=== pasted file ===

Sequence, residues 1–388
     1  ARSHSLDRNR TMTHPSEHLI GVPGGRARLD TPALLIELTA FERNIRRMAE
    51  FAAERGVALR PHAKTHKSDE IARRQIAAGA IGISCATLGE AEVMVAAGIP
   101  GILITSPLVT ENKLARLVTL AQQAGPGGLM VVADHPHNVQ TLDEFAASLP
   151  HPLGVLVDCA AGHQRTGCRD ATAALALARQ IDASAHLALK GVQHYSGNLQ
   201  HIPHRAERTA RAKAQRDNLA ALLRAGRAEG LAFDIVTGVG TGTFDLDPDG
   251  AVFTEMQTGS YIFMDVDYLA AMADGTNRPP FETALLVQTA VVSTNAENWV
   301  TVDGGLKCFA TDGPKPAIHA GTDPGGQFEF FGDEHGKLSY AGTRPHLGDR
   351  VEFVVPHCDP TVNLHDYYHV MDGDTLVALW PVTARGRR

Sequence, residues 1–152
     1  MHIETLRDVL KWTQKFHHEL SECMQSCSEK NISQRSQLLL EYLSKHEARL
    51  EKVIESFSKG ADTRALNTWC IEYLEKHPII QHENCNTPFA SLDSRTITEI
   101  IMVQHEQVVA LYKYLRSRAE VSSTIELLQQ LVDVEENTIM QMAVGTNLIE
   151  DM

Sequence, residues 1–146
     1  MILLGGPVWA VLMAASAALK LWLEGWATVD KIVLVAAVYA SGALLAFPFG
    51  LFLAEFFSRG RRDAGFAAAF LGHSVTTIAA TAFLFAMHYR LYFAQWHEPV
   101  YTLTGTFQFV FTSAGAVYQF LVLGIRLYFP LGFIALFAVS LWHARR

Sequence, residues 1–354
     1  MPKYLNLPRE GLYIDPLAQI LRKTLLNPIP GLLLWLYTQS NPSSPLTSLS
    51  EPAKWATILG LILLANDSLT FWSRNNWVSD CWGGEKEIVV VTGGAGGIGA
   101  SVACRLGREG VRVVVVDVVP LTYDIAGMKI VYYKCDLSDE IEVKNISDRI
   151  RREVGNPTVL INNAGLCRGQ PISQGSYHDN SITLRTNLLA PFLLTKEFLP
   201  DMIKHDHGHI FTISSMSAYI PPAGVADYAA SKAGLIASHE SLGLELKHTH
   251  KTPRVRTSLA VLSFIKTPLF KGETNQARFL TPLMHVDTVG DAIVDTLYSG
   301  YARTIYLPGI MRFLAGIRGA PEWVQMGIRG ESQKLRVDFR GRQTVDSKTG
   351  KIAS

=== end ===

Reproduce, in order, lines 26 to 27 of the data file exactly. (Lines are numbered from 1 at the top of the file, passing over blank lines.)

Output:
   301  YARTIYLPGI MRFLAGIRGA PEWVQMGIRG ESQKLRVDFR GRQTVDSKTG
   351  KIAS